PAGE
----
The Mayor has assured the community that any tentative agreement with youth service providers will be subject to full public discussion at City Council meetings where the Council will consider all public comments before deciding on any agreement affecting Sports Park. He has also expressed a goal of keeping the Leagues and general public well informed about contract discussions to make sure the decision making process is transparent to all. If elected, I will fight to uphold this commitment to the IBLL and our community.
We can’t afford to sacrifice our youth services for a “quick fix”, simply to save a few dollars or bolster our revenues. Outsourcing youth services is a serious decision. It will take experienced and thoughtful deliberations to weigh all options with public input. As a teacher, parent, educational administrator and youth advocate, I know that our youth programs need to be safe, accessible and affordable for all. I would be honored to have your trust, support and vote so I may represent the community’s interest on this important issue.
The city developed the Sports Park. It was employees that have donated their additional talents for the kids who come. They have developed it into something the kids are drawn to, something that entices kids off the street. This is the form of redevelopment that I want for our city.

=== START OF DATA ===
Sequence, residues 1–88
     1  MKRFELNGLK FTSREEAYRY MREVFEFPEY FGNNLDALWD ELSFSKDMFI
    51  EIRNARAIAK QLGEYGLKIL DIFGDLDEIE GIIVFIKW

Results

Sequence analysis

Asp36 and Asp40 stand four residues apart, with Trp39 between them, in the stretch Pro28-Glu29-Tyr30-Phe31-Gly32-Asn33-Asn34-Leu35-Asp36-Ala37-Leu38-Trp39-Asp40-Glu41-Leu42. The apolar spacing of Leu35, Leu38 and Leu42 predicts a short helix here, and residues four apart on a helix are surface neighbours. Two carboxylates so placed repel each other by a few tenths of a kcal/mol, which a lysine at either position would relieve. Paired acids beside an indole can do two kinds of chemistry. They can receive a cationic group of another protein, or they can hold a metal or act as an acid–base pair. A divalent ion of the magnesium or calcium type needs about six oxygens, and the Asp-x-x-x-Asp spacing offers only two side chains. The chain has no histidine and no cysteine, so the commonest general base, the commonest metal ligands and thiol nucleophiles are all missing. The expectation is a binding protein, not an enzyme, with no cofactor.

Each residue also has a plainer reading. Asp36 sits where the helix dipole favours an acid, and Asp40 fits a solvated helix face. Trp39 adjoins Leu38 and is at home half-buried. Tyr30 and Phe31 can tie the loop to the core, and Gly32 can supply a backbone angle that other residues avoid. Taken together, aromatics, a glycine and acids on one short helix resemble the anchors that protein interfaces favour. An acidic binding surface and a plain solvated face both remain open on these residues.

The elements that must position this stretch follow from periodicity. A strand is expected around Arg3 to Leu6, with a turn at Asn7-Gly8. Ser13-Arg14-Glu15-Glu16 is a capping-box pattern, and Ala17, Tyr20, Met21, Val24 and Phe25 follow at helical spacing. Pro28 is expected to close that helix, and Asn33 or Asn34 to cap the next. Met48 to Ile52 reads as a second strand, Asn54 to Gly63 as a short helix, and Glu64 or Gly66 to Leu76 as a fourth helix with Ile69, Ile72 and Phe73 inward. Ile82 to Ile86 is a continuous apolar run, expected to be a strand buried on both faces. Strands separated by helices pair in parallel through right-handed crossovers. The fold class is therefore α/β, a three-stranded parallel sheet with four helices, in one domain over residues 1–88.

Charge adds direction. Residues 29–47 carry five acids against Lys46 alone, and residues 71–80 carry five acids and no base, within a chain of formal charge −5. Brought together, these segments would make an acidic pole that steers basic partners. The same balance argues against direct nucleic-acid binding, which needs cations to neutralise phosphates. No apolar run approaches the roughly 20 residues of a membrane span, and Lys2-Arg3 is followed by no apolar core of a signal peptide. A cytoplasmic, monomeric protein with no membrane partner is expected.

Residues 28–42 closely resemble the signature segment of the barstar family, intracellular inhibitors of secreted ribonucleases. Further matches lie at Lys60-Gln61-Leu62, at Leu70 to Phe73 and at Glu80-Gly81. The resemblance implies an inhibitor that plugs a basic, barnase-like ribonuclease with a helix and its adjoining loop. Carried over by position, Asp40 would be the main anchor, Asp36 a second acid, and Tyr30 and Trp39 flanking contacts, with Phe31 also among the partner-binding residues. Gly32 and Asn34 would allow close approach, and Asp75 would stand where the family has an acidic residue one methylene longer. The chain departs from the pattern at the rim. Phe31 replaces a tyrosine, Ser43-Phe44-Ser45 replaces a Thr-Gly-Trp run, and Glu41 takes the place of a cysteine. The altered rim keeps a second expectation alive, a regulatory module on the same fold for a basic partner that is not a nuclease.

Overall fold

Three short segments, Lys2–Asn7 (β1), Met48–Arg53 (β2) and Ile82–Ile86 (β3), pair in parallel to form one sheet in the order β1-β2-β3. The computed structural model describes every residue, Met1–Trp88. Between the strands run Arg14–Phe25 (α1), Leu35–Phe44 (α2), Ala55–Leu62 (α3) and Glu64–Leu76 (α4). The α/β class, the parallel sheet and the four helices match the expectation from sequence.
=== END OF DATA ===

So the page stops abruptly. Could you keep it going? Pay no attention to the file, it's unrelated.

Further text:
The Sports Park, being subsidized by the city, is affordable to almost all families. Personally, I see it as a real viable alternative to the streets and crime.
If the YMCA, or other entity, is not affordable or if they do not receive the income they need, will it remain? Will they give the community the financial break our citizens need, so that their kids can come? With about 25 percent of our population under the age of 18, we need a long term, cost effective outlet for our children.
When I heard the kids of the Sports Park stand up and speak before the city council, they are what I aspire my kids to become. I petitioned and spoke in front of my city council at a young age and know the commitment to a cause that these young people have. I admire and applaud them.